In our current environment we have about 40 databases on one instance all being log shipped and configured as Standby/Read Only. About 90% of those are for reporting purposes and others for read only. The number of failures and maintenance plus user complain about not being able to access the databases when logs are being restored has forced us to rethink about this feature and we are strongly thinking of moving to Replication.

My main concern is can the Replication feature handle this many databases if we put our distributor on a separate instance? Shall we have one distributor or more than one? The network is handling the log shipping very well and I assume network bandwidth will not be an issue.

If replication is not a good option then what other option would be better that requires less maintenance or more importantly less failures.

We are on Amazon Cloud Infrastructure.

any input will be appreciated.

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    What version and edition of SQL Server? – HandyD Jul 25 '19 at 23:21
  • @HandyD, the server on which we have Standby/ReadOnly is Microsoft SQL Server 2017 (RTM-CU4) (KB4056498) - 14.0.3022.28 (X64) Feb 9 2018 19:39:09 Copyright (C) 2017 Microsoft Corporation Web Edition (64-bit) on Windows Server 2012 Standard 6.2 <X64> (Build 9200: ) (Hypervisor) – Ali Jul 26 '19 at 14:27
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    Have you considered delaying the RESTORE LOG ... WITH STANDBY statements until after hours/off hours/defined times? If only done during off hours, the clients would be able to access data during business hours without interruption, though it would come at the cost of the data being up to a day old. Alternatively, you could also do a batch of restores at noon and/or other set times (as agreed to with the business) so that the interruptions are known and planned for. – John Eisbrener Jul 26 '19 at 15:21
  • Have you thought about just doing ETL and running it on a set schedule? Detect New/Changed records in source is left as an exercise for the OP, but would work and neatly sidestep replication and log shipping. – Jonathan Fite Jul 27 '19 at 1:01
  • @JohnEisbrener Yes for some large databases we have set the time such a way that it only restores nightly. However, most databases can have maximum 1 hour data delay and some requires up to date data. – Ali Jul 29 '19 at 16:45

You could consider Availability Groups for your databases. Since you are using them for reporting/read-only already then you already have licenses for your secondary instances.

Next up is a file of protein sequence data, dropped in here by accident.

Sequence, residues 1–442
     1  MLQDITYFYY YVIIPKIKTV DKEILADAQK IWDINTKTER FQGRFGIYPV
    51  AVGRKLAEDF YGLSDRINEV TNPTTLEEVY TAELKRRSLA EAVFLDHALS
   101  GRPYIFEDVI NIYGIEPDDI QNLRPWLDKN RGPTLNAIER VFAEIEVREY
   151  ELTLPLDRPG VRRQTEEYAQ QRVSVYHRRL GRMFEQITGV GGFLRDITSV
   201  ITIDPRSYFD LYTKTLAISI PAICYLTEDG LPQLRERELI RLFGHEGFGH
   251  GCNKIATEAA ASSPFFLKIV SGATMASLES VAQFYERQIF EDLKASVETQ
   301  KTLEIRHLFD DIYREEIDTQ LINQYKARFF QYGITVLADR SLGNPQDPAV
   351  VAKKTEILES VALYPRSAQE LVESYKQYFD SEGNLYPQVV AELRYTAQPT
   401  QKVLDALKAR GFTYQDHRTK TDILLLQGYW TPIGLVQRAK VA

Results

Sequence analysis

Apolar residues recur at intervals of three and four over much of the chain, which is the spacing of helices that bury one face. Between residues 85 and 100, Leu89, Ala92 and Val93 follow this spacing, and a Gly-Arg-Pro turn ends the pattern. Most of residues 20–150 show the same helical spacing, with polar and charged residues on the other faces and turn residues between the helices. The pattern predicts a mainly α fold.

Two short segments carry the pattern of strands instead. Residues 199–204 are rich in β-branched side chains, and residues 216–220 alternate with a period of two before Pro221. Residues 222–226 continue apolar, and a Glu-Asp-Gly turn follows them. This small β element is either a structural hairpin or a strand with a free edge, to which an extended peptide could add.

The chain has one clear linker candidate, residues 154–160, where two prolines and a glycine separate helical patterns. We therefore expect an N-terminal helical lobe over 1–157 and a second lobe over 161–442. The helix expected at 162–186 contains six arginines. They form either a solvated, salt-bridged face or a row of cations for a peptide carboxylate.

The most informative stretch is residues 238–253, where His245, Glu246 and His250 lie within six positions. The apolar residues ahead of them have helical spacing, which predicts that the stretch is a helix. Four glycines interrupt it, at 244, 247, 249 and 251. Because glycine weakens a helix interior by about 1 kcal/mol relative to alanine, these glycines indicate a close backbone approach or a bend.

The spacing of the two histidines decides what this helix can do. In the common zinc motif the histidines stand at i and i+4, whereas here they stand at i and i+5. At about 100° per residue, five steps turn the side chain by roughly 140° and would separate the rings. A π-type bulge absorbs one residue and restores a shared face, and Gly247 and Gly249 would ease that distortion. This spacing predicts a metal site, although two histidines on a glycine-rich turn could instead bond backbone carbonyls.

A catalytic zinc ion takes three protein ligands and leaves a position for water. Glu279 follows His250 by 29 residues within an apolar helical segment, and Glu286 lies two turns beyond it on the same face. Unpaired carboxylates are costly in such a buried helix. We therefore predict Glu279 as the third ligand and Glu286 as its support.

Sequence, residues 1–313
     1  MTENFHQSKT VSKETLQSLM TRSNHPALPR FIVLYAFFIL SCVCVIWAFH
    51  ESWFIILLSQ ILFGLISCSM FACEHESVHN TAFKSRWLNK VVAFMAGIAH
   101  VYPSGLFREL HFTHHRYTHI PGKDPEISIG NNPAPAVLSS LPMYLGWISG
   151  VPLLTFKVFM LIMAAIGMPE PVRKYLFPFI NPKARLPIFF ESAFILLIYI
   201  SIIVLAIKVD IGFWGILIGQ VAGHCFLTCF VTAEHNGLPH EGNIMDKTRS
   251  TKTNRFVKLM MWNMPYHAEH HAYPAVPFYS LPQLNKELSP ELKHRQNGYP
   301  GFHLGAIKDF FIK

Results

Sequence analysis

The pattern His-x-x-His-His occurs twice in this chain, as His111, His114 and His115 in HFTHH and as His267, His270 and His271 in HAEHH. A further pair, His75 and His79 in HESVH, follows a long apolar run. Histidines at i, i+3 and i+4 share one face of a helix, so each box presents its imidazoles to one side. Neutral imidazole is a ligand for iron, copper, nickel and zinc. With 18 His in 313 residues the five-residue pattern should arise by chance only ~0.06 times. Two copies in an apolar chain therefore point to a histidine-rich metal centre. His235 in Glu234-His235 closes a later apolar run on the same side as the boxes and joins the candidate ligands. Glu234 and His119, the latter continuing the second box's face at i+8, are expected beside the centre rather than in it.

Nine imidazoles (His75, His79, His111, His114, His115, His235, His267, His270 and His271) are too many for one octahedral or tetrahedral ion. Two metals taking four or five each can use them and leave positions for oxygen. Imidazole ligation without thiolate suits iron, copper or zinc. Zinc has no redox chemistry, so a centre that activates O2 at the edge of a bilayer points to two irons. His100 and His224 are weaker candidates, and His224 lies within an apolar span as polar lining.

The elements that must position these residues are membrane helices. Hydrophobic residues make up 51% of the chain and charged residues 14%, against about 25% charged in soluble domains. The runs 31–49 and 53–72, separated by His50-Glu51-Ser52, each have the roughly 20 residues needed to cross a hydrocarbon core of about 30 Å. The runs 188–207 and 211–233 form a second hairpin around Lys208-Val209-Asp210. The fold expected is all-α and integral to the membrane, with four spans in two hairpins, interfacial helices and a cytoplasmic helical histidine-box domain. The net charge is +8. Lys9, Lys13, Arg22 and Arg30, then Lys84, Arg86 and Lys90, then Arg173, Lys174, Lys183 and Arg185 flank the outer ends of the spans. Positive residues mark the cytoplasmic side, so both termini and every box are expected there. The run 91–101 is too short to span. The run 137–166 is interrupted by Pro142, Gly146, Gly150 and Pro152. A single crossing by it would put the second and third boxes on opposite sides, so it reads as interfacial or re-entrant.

This will allow better access to your secondaries as it does not need to take the database offline for updates - your data will also be more up to date as it is a constant flow of transaction log updates rather than batched backups.

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    They need the enterprise edition to have a readable replica. – Denis Rubashkin Jul 26 '19 at 6:10
  • @Martin, I forgot to mention in my question that we are already using Basic Availability Group where you are only charged for licensing when you fail-over a database to secondary and will only be charged for the duration of the fail-over. When the database is failed over back then the passive node does not occur any charges. Second, the 40 Standby/Read only sits on one server but the source (Prod) databases sits on many different servers in the whole environment. – Ali Jul 26 '19 at 14:20
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    You could have an AG configured such that server A, B, C all have their readable secondary set to Server X. Server X would in theory need to be powerful enough to run all of them, but since it's your reporting server in any case.... Still requires enterprise though. – Jonathan Fite Jul 27 '19 at 0:59

I have not used Amazon Cloud for my servers, but assuming the replication works , Replication will be a good solution for your requirements. Just need to be sure that your tables have a primary key.

In the case of replication since you can choose which tables to replicate, it could help for your performance (log shipping the whole DB vs replication just the required tables), and since there's no "downtime" while transactions are delivering it will work ok for your users.

The best practice is to have distribution DB on a different server,so it will not impact the Productive environment, since you have no performance issues currently, my suggestion will be to put it along with your subscription DBs.

  • thanks for your comments and suggestion. The only concern I have is whether replication will be able to handle 40dbs on one server even if I put my Distributor on a separate server? Yes there will be less load when we move to replications as there will be lesser tables replicating instead of the whole database. – Ali Jul 26 '19 at 18:47

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